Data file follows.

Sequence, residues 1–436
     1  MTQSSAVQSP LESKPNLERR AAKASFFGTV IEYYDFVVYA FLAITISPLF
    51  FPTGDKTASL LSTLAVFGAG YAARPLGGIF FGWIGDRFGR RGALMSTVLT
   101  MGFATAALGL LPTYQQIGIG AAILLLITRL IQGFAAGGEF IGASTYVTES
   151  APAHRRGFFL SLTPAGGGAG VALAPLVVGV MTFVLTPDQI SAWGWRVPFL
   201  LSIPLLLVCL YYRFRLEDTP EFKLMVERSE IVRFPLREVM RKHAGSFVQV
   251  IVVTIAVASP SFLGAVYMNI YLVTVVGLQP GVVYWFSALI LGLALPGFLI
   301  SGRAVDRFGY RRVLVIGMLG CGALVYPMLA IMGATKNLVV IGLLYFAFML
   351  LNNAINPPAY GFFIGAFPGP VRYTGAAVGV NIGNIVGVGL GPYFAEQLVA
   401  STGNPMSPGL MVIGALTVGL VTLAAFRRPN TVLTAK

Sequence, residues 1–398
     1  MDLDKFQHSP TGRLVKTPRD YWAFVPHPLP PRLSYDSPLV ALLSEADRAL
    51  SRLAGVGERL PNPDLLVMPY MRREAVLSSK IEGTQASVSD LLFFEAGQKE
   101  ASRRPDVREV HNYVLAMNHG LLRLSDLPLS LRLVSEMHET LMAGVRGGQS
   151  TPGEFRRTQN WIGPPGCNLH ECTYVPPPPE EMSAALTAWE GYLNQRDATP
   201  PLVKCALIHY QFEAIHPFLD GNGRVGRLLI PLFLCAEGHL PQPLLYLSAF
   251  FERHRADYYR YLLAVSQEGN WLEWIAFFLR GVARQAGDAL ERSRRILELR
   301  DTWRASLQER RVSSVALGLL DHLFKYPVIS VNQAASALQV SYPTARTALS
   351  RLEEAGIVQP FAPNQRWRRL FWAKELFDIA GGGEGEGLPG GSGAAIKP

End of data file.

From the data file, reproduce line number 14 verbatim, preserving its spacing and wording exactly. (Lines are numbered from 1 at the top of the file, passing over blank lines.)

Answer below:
   101  ASRRPDVREV HNYVLAMNHG LLRLSDLPLS LRLVSEMHET LMAGVRGGQS